How you like your java is highly personal. Between the different types of coffee, methods to brew it and ingredients to add flavor, there are endless ways to prepare a cup of Joe.
You may prefer decaf coffee made with a French press and flavored with non-dairy creamer while another might take their dark roast coffee with two packets of sugar and a splash of cream. Some combinations may result in more nutrient-dense cups.
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Coffee itself is associated with a whole host of health benefits, such as better heart health, performance enhancement and improved cognition. But what you add to your coffee is another story.
The dashes of sugar, splashes of cream and drizzles of flavored syrups can take your cup of coffee from zero calories and sugar to the opposite end of the spectrum. Full-fat dairy products like cream, half-and-half and whole milk are some of the most common ingredients to add to coffee.
While it adds a creamy consistency and delicious taste, cream in your coffee also racks up the calories and fat. But, paying close attention to the ingredients and serving size can help.
As it turns out, having a bit of cream in your coffee here and there probably isn't cause for concern. Here, Tia Glover, RD, a registered dietitian in Washington D.C., helps us break down if adding dairy-based cream to your coffee is really all that bad.
Nutrients in Coffee With Cream
Before you decide to splash cream in your cuppa, it's helpful to know the exact macro- and micronutrients you'll be getting in that mug. On its own, plain black coffee is free of calories, carbohydrates, fat, sugar and other nutrients. You can enjoy it hot or cold knowing it's a zero-calorie drink. Drinking black coffee is pretty rare, though. Approximately 67 percent of Americans add cream and sugar to their coffee, according to May 2017 research in Public Health.
Black coffee has a naturally bitter taste, which is why coffee with cream and sugar is a popular combination — they help balance the flavors in coffee and make it more palatable.
Here's the breakdown of nutritional information for light cream per 1 tablespoon, according to the USDA:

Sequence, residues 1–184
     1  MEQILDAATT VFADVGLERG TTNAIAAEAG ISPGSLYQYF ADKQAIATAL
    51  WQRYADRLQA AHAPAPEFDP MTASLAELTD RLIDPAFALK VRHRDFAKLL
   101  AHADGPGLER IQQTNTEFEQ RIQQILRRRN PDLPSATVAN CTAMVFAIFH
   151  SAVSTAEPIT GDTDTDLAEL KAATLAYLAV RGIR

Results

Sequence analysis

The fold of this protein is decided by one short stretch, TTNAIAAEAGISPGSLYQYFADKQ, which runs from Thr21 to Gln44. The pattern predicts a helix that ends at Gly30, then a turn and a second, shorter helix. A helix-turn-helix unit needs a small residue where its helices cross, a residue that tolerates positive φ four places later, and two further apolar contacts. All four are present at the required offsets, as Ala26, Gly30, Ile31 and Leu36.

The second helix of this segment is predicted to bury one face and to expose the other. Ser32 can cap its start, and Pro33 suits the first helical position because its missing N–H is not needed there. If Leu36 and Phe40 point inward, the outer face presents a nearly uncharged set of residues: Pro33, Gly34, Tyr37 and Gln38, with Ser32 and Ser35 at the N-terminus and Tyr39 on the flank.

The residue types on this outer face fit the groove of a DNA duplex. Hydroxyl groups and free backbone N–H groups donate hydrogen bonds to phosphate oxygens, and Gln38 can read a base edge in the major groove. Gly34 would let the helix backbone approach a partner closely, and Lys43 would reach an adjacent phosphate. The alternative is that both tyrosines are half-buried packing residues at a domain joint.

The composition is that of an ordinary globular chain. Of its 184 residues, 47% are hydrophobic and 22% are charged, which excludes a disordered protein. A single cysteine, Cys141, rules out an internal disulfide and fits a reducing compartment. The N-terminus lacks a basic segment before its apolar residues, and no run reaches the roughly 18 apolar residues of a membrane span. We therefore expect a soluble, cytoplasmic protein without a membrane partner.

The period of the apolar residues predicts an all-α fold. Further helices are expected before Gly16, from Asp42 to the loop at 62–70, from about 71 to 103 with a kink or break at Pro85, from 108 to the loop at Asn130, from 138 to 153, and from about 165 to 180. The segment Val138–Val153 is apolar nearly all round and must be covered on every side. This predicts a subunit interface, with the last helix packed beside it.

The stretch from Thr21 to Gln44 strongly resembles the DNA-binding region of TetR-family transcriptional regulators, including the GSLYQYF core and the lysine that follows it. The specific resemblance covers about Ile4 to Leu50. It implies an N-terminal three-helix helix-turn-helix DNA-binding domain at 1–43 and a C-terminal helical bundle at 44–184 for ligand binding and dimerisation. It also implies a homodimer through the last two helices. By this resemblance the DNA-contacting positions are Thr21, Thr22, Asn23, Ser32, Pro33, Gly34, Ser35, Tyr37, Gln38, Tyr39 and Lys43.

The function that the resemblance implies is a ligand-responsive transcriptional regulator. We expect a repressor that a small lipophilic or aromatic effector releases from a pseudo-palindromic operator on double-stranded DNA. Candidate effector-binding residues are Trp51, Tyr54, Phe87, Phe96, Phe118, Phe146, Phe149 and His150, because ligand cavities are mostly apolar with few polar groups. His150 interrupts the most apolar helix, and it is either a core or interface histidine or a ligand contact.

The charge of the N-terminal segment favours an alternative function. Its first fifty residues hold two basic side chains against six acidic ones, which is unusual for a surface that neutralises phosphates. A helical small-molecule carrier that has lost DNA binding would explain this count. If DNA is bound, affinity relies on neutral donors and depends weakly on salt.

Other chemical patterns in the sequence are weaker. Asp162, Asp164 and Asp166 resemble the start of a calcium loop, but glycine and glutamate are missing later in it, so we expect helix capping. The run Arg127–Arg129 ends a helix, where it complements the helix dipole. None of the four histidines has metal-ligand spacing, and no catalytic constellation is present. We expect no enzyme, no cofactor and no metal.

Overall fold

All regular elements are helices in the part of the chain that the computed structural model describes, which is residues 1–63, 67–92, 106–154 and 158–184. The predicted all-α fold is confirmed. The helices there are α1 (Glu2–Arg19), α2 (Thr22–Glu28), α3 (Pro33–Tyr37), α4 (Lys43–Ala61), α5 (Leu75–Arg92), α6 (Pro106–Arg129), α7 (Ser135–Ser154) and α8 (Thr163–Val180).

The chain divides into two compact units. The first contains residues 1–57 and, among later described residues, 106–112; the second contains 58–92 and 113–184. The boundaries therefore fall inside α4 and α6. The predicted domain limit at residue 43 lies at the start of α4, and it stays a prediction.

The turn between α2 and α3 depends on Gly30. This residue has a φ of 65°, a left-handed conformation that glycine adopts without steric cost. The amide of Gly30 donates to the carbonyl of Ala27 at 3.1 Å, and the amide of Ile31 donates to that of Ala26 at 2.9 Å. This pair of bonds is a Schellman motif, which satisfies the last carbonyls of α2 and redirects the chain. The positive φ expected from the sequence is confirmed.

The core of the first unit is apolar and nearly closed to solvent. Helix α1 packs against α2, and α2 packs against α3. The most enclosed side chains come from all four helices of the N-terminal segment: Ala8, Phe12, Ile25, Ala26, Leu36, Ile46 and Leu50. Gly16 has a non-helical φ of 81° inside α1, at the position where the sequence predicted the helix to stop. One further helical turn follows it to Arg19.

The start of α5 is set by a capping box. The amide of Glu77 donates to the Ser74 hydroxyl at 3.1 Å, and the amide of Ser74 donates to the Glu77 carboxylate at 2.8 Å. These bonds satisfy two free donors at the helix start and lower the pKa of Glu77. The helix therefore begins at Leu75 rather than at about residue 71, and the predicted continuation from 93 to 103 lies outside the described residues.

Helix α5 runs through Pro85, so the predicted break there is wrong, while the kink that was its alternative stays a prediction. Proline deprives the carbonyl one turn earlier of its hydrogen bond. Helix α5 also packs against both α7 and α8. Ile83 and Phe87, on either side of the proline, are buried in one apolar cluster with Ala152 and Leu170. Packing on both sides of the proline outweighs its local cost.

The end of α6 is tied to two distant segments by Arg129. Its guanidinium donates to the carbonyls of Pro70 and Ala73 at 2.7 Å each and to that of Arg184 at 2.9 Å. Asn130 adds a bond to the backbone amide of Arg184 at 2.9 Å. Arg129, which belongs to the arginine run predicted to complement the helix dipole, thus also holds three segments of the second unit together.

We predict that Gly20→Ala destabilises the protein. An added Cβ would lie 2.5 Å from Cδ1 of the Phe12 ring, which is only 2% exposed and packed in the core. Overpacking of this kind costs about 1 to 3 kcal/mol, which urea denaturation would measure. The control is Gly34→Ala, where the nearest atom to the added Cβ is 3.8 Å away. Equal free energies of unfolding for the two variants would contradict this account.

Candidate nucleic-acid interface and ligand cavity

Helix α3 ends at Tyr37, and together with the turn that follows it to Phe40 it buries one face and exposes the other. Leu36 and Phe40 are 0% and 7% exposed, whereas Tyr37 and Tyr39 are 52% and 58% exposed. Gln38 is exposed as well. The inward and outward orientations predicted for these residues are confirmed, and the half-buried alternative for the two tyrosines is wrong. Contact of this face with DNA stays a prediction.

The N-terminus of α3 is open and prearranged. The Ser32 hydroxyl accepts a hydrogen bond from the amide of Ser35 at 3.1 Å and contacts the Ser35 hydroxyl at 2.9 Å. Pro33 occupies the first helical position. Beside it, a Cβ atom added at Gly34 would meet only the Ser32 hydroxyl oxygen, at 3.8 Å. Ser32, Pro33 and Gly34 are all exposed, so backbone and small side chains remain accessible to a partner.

- Calories: 30
- Total fat: 3 g
- Saturated fat: 1.5 g
- Trans fat: 0 g
- Sodium: 10 mg
- Total carbs: 1 g
- Total sugar: 1 g
- Fiber: 0 g
- Protein: 0.5 g
Cream is a component of cow's milk, so it's no surprise that it's a dairy product. It's richer and thicker than milk and has more fat. There are different types of cream you can add to your coffee: heavy cream, light cream and half-and-half.
Nutritionally, the calories in a small serving of cream add up quickly. The same is true for the other nutrients in cream. The total fat and saturated fat, in particular, can be high depending on the serving size.
Cream is also low in sugar and free of fiber but provides a small amount of protein.
Benefits of Coffee With Cream
Adding cream to coffee has its pros and cons. Here are some of the benefits:
1. It Has Some Important Nutrients
Adding cream, milk or half-and-half to your coffee each morning can provide some essential nutrients. There are health benefits of dairy products, and including them in your diet is associated with better bone health, diabetes management and muscle growth.
"The nutritional profiles of dairy products like heavy cream, light cream, whole milk and half-and-half can be a source of confusion and controversy," Glover says. "They are typically high in calories and fat and they contain some natural sugars, but they're also sources of protein, minerals like calcium, potassium and phosphorus and vitamins like A, B12 and D."
2. It's Free of Trans Fats
Another advantage of adding cream to your coffee is that it may be a more nutritious choice than some of the coffee creamer alternatives out there.
Cream is simply the layer of fat skimmed from the top of milk. There is only one ingredient, and it's not heavily processed and laden with ingredients that are high in sugar and hydrogenated vegetable oils, aka trans fats.
Many coffee creamers are hidden sources of trans fats. They're made with partially hydrogenated oils that are associated with an increased risk for diseases like heart disease, stroke and diabetes. If you're trying to avoid trans fats, opting for cream instead of coffee creamer is a safe bet.